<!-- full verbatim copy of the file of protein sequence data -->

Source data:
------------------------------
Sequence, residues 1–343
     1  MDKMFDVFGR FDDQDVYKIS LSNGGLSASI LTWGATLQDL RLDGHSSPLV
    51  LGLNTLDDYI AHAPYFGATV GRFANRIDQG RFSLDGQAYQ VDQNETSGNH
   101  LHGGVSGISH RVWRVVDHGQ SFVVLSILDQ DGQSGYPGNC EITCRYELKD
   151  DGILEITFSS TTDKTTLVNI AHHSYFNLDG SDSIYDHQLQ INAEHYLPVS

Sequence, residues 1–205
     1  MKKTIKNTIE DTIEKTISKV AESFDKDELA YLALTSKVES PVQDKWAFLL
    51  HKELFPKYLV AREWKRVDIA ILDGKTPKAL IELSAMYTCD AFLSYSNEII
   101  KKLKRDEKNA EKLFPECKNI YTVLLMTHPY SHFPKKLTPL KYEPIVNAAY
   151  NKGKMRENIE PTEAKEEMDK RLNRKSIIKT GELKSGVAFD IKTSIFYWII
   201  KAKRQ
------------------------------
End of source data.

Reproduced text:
Sequence, residues 1–343
     1  MDKMFDVFGR FDDQDVYKIS LSNGGLSASI LTWGATLQDL RLDGHSSPLV
    51  LGLNTLDDYI AHAPYFGATV GRFANRIDQG RFSLDGQAYQ VDQNETSGNH
   101  LHGGVSGISH RVWRVVDHGQ SFVVLSILDQ DGQSGYPGNC EITCRYELKD
   151  DGILEITFSS TTDKTTLVNI AHHSYFNLDG SDSIYDHQLQ INAEHYLPVS

Sequence, residues 1–205
     1  MKKTIKNTIE DTIEKTISKV AESFDKDELA YLALTSKVES PVQDKWAFLL
    51  HKELFPKYLV AREWKRVDIA ILDGKTPKAL IELSAMYTCD AFLSYSNEII
   101  KKLKRDEKNA EKLFPECKNI YTVLLMTHPY SHFPKKLTPL KYEPIVNAAY
   151  NKGKMRENIE PTEAKEEMDK RLNRKSIIKT GELKSGVAFD IKTSIFYWII
   201  KAKRQ